Berlin is a city alive with history, best reflected in its architecture – from palaces and museums through to modern sites, these are spaces that have survived world wars and decades of diversion. As a result, Berlin and its surrounding areas are filled with must-see UNESCO World Heritage Sites. Here’s our pick of the best.
Berlin’s iconic Museum Island houses world-renowned collections within five beautifully restored museums that all bear the UNESCO World Heritage seal of approval. The Pergamon Museum, Bode Museum, Neues Museum, Alte National Gallery and Altes Museum, are historical and architectural wonders, delighting visitors with Ancient Egyptian relics, Byzantium artefacts and century-spanning art. Encompassing some of the oldest museums in the city, Museum Island became a UNESCO World Heritage Site in 1999 after surviving World War II and the Cold War.
Modernism Housing Estates Berlin
Berlin Modernism Housing Estates is an ensemble of six subsidized housing blocks that are dotted around the city. Built in the Weimar era in the early 20th century, the estates were recognised as UNESCO World Heritage Sites for their architectural brilliance. Famous architects Bruno Taut, Martin Wagner and Walter Gropius were some of the leader brains behind the buildings, which have stood the test of time. The estates have had a huge influence on the development of housing around the world, and embody the technical and aesthetic innovation Germany has mastered. While true modernism architecture buffs will enjoy visiting all six estates, exploring them all might be over the top for others. For visitors who want to check out one of the sites, the best to head to is Gartenstadt Falkenberg in Treptower. Bright, colourful and exciting, this is probably the most charming estate of all six and it’s located just 30 minutes out of central Berlin by public transport.
Pfaueninsel (Peacock Island), located between Berlin and Potsdam, is an idyllic island housing a fairytale-like castle, lush surroundings and of course, a muster of peacocks. The white and blue castle and its flower-filled gardens invite visitors to explore its majesty at their own pace, while the surrounding area is home to a flurry of nature and, rather unusually, peacocks, who can be spotted strutting the lawns with their magnificent tails on show. A UNESCO World Heritage Site since 1990, every Berlin tourist should visit this secluded spot at least once.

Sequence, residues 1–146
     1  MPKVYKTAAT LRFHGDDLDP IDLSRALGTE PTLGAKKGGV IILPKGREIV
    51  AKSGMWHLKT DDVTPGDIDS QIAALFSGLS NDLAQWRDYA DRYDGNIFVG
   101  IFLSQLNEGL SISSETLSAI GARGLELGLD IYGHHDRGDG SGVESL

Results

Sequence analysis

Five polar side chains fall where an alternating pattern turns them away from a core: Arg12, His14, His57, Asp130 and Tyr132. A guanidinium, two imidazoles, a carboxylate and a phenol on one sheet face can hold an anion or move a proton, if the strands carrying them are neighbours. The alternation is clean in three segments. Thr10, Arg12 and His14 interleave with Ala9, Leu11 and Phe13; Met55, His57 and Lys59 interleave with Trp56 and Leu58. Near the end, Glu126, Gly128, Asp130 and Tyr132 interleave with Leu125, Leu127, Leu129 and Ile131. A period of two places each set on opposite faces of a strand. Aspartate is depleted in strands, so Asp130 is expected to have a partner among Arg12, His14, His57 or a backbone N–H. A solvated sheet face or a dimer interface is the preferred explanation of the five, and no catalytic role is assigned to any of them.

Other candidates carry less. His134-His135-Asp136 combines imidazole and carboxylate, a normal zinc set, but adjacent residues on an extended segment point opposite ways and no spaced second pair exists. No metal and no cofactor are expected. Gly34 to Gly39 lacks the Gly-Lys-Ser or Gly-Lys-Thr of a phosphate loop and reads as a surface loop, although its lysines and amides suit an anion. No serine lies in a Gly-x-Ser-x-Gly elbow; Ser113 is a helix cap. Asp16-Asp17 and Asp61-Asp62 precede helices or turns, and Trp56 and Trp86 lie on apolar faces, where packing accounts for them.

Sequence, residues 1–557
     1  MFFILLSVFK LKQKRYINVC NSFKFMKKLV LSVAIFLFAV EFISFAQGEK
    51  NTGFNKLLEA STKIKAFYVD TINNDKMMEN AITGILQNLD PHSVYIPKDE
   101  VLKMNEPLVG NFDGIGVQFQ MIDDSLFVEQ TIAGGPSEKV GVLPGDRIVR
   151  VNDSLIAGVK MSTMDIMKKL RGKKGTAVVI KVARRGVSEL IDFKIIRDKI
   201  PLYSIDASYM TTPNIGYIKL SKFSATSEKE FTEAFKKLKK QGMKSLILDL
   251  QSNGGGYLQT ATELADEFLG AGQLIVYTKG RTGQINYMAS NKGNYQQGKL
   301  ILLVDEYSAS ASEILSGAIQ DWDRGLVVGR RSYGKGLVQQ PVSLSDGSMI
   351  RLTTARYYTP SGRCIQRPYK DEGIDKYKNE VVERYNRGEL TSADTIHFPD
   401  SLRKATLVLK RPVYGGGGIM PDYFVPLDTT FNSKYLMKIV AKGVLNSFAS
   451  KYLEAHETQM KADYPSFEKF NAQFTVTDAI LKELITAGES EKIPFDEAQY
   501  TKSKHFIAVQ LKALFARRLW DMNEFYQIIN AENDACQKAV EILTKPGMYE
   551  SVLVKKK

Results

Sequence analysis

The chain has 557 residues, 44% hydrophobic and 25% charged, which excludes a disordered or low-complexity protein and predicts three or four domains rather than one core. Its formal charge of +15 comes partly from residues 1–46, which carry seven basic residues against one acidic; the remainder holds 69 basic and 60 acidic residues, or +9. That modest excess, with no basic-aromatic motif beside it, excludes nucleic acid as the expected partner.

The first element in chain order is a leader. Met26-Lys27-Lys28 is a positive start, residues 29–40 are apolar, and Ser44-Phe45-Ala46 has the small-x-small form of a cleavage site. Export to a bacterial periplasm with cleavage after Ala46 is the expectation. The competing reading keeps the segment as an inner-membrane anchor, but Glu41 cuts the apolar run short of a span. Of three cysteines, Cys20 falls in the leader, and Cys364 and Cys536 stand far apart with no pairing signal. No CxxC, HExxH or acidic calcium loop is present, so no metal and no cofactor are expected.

Sanssouci Palace and Park
Sanssouci Palace has been drawing in Berlin tourists for years, causing many to dub its surrounding town Potsdam as Berlin’s Versailles. Built in the 1740s as a summer retreat Prussian king Frederick the Great, the palace comprises ten meticulously decorated rooms. The sprawling surrounding gardens are also a treat, complete with an equally charming palace, Neues Palais, massive sculptures, fountains, a Chinese teahouse. A pristine mix of truly European architecture and surroundings, Sanssouci Park is inscribed as UNESCO World Heritage, recognised for its cultural value and the exceptional quality of the area.
Another Potsdam palace with UNESCO World Heritage recognition is Schloss Cecilienhof. Sporting a more subdued style, compared to the opulent wonders found in Sanssouci Park, this spot is reminiscent of English Tudor architecture. It was occupied by the last members of the German royal family, Wilhelm and Cecilie of Prussia, however, what truly gives this place historical distinction is the role that it played in World War II – Cecilienhof functioned as the site of the summit known as the Potsdam Conference, where the official peace negotiations took place that ultimately ended World War II and broke up Germany. Steeped in history and boasting a unique style, this castle and its surrounding gardens are certainly worth a visit.
Chorin Monastery in Schorfheide promises a landscape rich with lakes and nature and an impressive relic of Gothic architecture. Built in the 13th century, the former monastery remains one of the most important monuments of early brick Gothic architecture to surviving in Brandenburg. Encompassed in the idyllic landscape within the Schorfheide-Chorin biosphere preserve, this medieval ruin and architectural marvel is steeped in history and remains a popular excursion from Berlin. Located about an hour drive from the city centre, the Cistercian monastery is now a significant place for cultural events and festivals, as well as a venue for weddings and a popular tourist attraction.
Glienicke Palace brings a Mediterranean charm to the shores of the River Havel. The passion-project of Prince Charles of Prussia, the palace was inspired by his first trip to Italy in 1823. Upon returning to Berlin, he set out to build an Italian villa and Mediterranean-inspired landscape on the sandy banks of Brandenburg. Since 1995, Glienicke Palace has been restored and refurbished to its former glory, after years of laying unused. The neoclassical palace now houses a range of cultural events and a permanent exhibition, while looking out over perfectly groomed gardens and the nearby river, create a magical ambience on the outskirts of Berlin.